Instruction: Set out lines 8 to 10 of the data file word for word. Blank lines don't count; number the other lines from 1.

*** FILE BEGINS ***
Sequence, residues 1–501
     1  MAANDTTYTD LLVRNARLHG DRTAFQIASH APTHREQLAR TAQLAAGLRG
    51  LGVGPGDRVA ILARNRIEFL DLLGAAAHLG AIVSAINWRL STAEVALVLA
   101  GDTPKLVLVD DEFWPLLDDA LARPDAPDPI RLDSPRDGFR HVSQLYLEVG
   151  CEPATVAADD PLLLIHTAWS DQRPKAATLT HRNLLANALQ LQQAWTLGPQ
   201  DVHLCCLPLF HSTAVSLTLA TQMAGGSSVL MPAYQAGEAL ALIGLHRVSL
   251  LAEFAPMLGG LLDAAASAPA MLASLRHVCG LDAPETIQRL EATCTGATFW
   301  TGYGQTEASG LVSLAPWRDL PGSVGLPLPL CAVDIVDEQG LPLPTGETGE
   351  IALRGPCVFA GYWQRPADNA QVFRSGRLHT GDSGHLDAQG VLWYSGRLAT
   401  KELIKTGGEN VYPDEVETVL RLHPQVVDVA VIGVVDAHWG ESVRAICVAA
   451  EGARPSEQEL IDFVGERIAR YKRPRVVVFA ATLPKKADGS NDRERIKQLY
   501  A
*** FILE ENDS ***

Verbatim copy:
   301  TGYGQTEASG LVSLAPWRDL PGSVGLPLPL CAVDIVDEQG LPLPTGETGE
   351  IALRGPCVFA GYWQRPADNA QVFRSGRLHT GDSGHLDAQG VLWYSGRLAT
   401  KELIKTGGEN VYPDEVETVL RLHPQVVDVA VIGVVDAHWG ESVRAICVAA